Some might think that the growing season ends at the end of summer. But don’t put your gardening trowel in the toolbox just yet - cultivating during fall is not only possible, but it is also efficient as you will get a headstart harvesting in spring. There are several plants that are well suited to be sown during autumn; we will teach you what plants, and when and how to cultivate them.
There is a variety of common plants that are popular to sow during fall. For example, ramson (also known as wild garlic), green onions, lettuce, carrot, parsnip, different varieties of radishes, and black root are well suited for colder soil and lower temperatures. Several herbs, such as dill, chives, and parsley are also perfect to cultivate during fall.
For our seed bags, you can check on the back of the bags, or under “pre-cultivation instructions” for the seeds we sell in our webshop. There are instructions about preferred planting time, and which weather conditions are best for the seeds. If that information is missing for the seed you want to plant, ask us or your local gardening shop for help.
To succeed with your fall cultivations, it is important to sow the seeds at the right time. During early autumn, the soil is still warm. Cultivating at this point is not a good idea, as the seeds will germinate directly and then die from the frost and cold.
Therefore, fall-friendly plants such as ramson, green onions, carrot, parsnip, black root, different varieties of radishes, lettuce, dill, chives, and parsley, should be sown as late as possible during fall. But not too late; plant them before the frost comes. Sometime in October or November is usually a good time. The soil is at that point cold enough and the plants will therefore hibernate. As the light and heat return in early spring, your seeds will be ready to germinate!
There is also the possibility to cultivate indoors. This is a perfect choice if you, for example, want to cultivate with your kids. Plants such as herbs grow fast indoors, which is positive as kids like to see results fast. During the colder and darker months, your plants will need grow lights in order to germinate and grow.
Here is a complete checklist for cultivating during fall; follow it and you will have a nice harvest to look forward to at the beginning of spring!
1. Cultivate at the right time: Fin out at which point your plants should be sown; during early autumn (September-October) or late autumn (October-November or later)?
2. Clear the soil: Remove pebbles and weeds from the soil to facilitate the sowing of the seeds, and also to clear the way for the plants as they will germinate in spring.
3. Rake the soil: Make an even and nice surface to cultivate on.
4. Add nutrition: For example, mix compost into the soil with the help of a cultivator or gripper.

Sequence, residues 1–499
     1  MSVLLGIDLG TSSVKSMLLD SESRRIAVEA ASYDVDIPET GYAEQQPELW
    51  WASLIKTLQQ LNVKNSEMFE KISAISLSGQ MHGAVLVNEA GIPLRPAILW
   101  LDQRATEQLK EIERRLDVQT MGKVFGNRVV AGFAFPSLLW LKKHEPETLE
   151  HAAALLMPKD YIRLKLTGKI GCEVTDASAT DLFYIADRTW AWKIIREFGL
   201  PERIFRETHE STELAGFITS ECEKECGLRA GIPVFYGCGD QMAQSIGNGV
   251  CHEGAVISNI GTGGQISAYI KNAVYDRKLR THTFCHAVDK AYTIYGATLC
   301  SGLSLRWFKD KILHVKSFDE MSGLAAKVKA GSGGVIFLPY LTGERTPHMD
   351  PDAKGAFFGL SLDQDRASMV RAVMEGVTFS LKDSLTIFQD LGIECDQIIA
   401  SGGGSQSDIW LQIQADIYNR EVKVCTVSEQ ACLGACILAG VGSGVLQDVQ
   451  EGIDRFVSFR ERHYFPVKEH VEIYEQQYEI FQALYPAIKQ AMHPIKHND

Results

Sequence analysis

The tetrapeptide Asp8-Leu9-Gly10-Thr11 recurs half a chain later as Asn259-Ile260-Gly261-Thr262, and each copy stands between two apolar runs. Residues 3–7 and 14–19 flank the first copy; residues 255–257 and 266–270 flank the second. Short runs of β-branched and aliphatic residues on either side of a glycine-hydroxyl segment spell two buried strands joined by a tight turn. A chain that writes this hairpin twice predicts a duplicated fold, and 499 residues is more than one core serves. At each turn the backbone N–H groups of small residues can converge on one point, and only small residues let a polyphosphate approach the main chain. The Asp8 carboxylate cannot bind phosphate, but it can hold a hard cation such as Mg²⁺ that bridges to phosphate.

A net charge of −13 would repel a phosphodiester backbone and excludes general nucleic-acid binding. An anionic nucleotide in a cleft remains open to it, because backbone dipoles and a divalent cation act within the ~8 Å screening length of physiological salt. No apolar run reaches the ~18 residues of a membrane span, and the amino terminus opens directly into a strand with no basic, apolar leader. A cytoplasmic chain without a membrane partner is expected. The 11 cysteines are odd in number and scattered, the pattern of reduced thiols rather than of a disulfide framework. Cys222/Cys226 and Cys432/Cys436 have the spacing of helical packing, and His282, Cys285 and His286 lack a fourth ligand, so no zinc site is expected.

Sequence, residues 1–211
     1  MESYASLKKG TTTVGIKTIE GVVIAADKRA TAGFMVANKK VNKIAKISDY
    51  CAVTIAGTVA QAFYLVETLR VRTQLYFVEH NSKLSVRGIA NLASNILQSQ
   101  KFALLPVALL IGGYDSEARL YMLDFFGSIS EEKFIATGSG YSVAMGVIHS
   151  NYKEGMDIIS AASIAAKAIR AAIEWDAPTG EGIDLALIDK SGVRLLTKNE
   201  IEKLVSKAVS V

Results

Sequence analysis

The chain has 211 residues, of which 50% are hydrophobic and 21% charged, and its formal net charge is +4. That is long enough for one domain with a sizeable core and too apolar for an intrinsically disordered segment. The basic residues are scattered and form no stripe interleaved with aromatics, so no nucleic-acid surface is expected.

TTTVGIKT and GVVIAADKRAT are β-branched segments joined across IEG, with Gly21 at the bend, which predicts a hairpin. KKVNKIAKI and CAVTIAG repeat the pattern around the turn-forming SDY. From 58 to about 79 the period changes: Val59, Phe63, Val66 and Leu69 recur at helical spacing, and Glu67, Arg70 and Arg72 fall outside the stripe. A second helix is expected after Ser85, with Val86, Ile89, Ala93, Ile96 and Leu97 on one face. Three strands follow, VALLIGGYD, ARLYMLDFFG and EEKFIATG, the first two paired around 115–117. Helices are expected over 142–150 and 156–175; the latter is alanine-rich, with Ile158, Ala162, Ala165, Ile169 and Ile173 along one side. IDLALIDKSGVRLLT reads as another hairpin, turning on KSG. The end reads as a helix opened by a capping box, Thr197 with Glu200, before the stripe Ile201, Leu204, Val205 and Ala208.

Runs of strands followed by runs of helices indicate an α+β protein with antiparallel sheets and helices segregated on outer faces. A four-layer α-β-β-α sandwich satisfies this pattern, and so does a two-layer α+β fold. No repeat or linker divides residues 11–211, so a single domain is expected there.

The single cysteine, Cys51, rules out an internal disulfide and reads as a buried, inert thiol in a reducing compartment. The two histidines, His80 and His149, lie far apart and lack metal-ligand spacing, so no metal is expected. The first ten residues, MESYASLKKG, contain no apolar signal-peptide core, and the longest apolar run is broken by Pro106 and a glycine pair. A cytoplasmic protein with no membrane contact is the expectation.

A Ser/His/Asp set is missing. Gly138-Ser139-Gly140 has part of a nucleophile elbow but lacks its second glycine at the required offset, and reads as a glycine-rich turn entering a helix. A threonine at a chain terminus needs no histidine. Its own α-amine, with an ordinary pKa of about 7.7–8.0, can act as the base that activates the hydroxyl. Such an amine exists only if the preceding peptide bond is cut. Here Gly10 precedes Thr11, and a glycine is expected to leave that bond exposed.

5. Keep the soil moist: Add water to the soil so that it is moist before you sow.
6. Make garden rows: Use a garden stick or any other pointy object to make rows in which you plant the seeds. This way, you will easily see where you planted what, and the rows will help distinguish the plants if you forgot to mark the different varieties you planted. Also, the garden rows will help you tell sprouts and weeds apart in spring.
7. Sow at the right depth: The recommended depth for specific seeds is often presented on the back of the seed bag.
8. Keep a proper distance between the plants: If you sow the seeds too tightly, you will need to thin out the smallest plants in spring, which can be tricky.
9. Sow evenly: Cut the upper edge of the seed bag and pour the seeds from the bag by tapping with your index finger on it gently. This way, the seeds will fall evenly onto the soil at a proper distance. Alternatively, fold a piece of paper and do the same procedure.
10. Cover with the right amount of soil: The smaller the size of the seeds, the thinner the layer of soil. You can cover really small seeds with a thin layer of soil by sifting over the soil through a colander with tiny holes. Larger seeds should be covered with a layer of soil about 3-5 times the size of the seeds.
11. Mark your plants: Use planting labels to help remind you of where you planted what, once the seeds start to sprout.
12. Water gently: When watering your planted seeds, use a sprinkler that has a nozzle with many small holes. Otherwise, since the seeds are so small, they might fly out of the garden row due to the force of the water. Alternatively, to avoid this, cover the cultivation with non-woven fabric and then water on top of that.
13. Protect your cultivation: Cover it with leaves or non-woven fabric to protect it against hungry birds, frost, and coldness.